Plumbing

"Greening" your plumbing is an opportunity to realize important energy and water savings with efficiency investments that pay back rapidly.

Between well–known water conservation measures and new high–efficiency technologies there is a range of options from basic plumbing upgrades and renovations to new integrated systems that heavily reduce water consumption and recycle most or all water onsite.

1 Water-conserving fixtures
2 Water-saving appliances
3 Pipe insulation
3 Alternative technologies
3 Pre-plumb
3 Pipe materials

Integrated systems pay off not only in reduced water bills, but also in reduced installation costs as it can downsize boilers, pumps, and valves, and plumbing runs in a more efficient overall approach. Lastly, the health impacts of the materials commonly used in plumbing, and of water delivered to buildings, are areas where you can make contributions to your own health and the broader environment.

Goal: Save water and energy in plumbing systems

Water heating can account for up to 15% of commercial building fuel use, or $300 per year for a single–family home. Heating water more efficiently, and preventing that heat from being lost, represent opportunities to claim often overlooked savings: techniques include both familiar approaches, such as insulation, and innovative new technologies such as heat recovery devices. San Mateo County's water systems are expensive to maintain and to enlarge, and this expense is reflected in your monthly water bill. Water conservation doesn't have to mean washing dishes by hand, however — lots of new technologies simply use less water to deliver the same level of service we get from older, less efficient equipment.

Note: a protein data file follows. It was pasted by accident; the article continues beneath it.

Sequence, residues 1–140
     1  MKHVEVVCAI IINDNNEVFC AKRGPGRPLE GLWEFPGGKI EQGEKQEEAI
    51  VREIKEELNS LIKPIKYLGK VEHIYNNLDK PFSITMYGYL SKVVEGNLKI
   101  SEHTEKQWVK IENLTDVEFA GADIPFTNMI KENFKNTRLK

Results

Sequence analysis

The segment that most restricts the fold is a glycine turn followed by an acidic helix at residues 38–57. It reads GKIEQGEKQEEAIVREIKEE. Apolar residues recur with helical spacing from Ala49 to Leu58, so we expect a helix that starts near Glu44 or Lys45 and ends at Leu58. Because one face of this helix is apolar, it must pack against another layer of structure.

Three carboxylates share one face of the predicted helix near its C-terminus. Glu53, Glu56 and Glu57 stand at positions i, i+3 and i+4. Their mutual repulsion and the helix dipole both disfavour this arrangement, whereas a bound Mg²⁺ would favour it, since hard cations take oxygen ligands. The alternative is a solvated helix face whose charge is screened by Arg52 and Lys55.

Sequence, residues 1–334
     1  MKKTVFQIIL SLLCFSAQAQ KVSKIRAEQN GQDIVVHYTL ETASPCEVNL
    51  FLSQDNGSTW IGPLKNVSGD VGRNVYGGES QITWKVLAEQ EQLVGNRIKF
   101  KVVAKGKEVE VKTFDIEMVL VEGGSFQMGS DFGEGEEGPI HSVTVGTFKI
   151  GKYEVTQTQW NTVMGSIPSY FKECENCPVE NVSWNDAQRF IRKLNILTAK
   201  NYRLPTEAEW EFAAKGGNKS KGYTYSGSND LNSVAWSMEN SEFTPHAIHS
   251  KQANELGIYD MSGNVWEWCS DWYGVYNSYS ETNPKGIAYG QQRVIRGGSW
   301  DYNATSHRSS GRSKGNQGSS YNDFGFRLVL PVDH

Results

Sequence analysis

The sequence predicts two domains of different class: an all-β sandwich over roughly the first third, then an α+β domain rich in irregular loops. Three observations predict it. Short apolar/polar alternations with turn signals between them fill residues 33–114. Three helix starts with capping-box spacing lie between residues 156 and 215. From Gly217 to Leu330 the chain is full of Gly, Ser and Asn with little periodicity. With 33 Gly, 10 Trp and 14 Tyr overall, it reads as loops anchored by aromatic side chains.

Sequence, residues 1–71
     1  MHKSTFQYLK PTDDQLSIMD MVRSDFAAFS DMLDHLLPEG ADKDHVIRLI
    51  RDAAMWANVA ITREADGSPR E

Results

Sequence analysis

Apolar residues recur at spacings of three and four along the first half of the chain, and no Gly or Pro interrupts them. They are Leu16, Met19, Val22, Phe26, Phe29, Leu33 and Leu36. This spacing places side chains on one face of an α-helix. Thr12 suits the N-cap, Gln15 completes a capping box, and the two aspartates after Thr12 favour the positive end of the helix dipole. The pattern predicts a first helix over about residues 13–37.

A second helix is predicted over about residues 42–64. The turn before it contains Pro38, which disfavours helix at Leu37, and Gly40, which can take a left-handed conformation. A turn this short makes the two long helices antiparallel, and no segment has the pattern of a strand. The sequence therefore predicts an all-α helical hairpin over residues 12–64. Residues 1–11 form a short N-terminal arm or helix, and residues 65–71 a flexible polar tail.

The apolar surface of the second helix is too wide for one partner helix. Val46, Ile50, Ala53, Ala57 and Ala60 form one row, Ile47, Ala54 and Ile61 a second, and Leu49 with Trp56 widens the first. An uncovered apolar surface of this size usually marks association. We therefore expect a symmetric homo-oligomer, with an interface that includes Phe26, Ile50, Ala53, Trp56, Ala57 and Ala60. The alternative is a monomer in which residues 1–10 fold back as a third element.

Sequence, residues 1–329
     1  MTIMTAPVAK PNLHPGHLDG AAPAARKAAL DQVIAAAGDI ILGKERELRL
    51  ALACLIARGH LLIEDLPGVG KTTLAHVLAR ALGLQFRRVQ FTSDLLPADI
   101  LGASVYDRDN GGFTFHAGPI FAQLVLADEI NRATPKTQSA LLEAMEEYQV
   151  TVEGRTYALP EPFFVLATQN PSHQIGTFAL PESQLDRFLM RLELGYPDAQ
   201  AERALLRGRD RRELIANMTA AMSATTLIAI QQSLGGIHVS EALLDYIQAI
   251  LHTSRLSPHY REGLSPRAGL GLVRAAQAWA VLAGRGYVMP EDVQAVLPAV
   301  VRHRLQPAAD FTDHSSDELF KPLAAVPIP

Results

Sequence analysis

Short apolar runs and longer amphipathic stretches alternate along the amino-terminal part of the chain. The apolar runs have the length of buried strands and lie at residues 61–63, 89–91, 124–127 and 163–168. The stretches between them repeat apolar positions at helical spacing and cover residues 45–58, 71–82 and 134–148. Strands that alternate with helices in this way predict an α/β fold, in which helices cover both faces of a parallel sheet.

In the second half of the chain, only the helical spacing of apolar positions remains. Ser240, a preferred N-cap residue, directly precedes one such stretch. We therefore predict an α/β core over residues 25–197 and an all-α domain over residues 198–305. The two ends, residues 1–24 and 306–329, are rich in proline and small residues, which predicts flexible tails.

area one

Use water–conserving plumbing fixtures

What is this?

Faucet and showerhead aerators, automated faucets and flush valves, waterless urinals, dual flush toilets, and pressure–assisted toilets are all available products that are reliable alternatives to older fixtures and use less water to perform the same functions.

Why do it?

The savings in water bills will often pay for water–conserving fixtures in short periods of time, and rebates are available for some conservation products. Also, plumbing fixtures that use less water often require smaller plumbing lines, or less plumbing, than conventional fixtures, making installation easier and less expensive.